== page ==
Three years have passed since Japanese planes struck Pearl Harbor. Nondescript government officials–some in starched uniforms, some in three-piece suits which are another kind of uniform, and one, a secretary, in rayon stockings–gather in a Washington conference room. The room, like the officials, is nondescript, except for the dark walnut table and its centerpiece; a red telephone. The officials have narrowed their selections to two alternate courses of action, and these they circulate in folders and discuss.
Meanwhile, two men wait at their desks.
The Colonel is a pilot, prone to quick movement and dry speech; he drums his fingers and watches the clock. To him, the clock is ticking louder than the whirring jet engines and incessant barking from the flight hangar to which his office is adjacent. They escorted Little Man onto his plane this morning, and since then the guard dog has barked. The Colonel drums his fingers more quickly, waiting. They have installed a new telephone in his office; it is red.
The Science Espionage Operative does not drum his fingers; it is an annoying habit. He grinds his teeth instead. His desk is two hundred miles from the Colonels and his office is larger because it is communal. The team has shared it, and the lab, since project “Who, Me?” began. The lab is stocked with vials, all foul smelling, horribly, awfully foul-smelling, and also precious. The team is uncharacteristically quiet, anxiety is in the air, another smell. The Operative admires his secret love, a dark-haired French woman, who chats with other lab techs. None of them look at the tank frothing with SAC-23, a compound they have dubbed ‘US Government Standard Bathroom Malodor.’ The last two years have been dedicated to its creation, but now that it is ready no one looks. Similarly, they do not look at the Operatives desk, upon which sits a newly installed red telephone.
It has been two or three hours, and most of the officials are in accord. Not all of them, but it is enough. The secretary types the final memo, one official signs while another reaches across the dark walnut table, to the red telephone, and makes the call.
Excerpt (Accompanied by Dana Boule’s Sad French Accordion)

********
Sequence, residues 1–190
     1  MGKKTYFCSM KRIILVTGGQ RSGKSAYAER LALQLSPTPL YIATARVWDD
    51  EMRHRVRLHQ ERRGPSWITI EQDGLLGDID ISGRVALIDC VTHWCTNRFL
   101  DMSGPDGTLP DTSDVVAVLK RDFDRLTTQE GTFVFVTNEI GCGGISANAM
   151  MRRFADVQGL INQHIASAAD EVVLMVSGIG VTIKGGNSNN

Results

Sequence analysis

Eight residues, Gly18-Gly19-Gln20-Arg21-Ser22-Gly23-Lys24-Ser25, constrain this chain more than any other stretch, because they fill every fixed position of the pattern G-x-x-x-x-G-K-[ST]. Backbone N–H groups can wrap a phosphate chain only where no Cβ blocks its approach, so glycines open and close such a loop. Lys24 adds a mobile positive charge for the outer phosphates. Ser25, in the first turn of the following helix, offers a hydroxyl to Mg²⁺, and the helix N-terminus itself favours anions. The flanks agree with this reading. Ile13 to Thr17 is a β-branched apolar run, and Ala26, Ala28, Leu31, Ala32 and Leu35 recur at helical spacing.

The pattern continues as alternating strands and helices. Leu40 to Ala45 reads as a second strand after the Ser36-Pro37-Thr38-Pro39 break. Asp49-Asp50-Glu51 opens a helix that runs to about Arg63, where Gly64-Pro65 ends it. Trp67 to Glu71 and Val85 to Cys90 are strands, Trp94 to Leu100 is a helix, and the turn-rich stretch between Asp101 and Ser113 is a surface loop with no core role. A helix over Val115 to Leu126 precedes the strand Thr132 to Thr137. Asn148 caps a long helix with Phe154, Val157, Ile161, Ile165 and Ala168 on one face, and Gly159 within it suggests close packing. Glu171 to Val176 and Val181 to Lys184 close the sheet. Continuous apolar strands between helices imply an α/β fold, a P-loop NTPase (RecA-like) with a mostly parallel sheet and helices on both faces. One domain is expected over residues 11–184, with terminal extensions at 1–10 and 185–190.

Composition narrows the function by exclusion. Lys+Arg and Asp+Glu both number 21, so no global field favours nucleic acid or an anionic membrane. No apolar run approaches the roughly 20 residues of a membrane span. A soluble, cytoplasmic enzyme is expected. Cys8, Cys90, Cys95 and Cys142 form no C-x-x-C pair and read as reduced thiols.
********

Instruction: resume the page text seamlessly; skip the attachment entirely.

The Operative speculates how many projects were funded, and how many men are waiting now, like him, by their phones. His team has met their objective, exceeded it even. The compound, lining the walls in clear plastic capsules, is ready for Chinese Resistance distribution. The capsules are small, pressure-sensitive and inconspicuous. Range is ten feet, no backfire. Activation silent. ‘US Government Standard Bathroom Malodor’ is rainproof, soap-proof, solvent proof. And revolting, like a very loose bowel movement. It hits first with a sweet note, encourages a deeper inhale, then spikes of sulfur, of onions. The nasal memory is gag-inducing. To discourage this train of thought, he studies the French woman, sees that she is preoccupied, smiles wanly at her.
The Operative is a man of science, not psychology, and does not see why the phone must be red. (As if he might otherwise lose it on his desk, beneath notebooks and papers!) He suspects the French woman knows why; she is the insight on the team. She is the one to postulate that their compound, SAC-23, will be more effective on the Japanese than the Germans. “Zee German,” she says, “I mean zee German soldier, he will make light of zuch things. You see, zee German uses civility to mask beastliness. But zee Japanese, he is humiliated by zuch zings. Zee Japanese uses civility to mask shame.” She speaks with unquestioned authority, the team’s’ lone European. The Operative imagines her beside him in an outdoor cafe with a cigarette and a coffee. “Zey are ashamed of everything,” she sighs.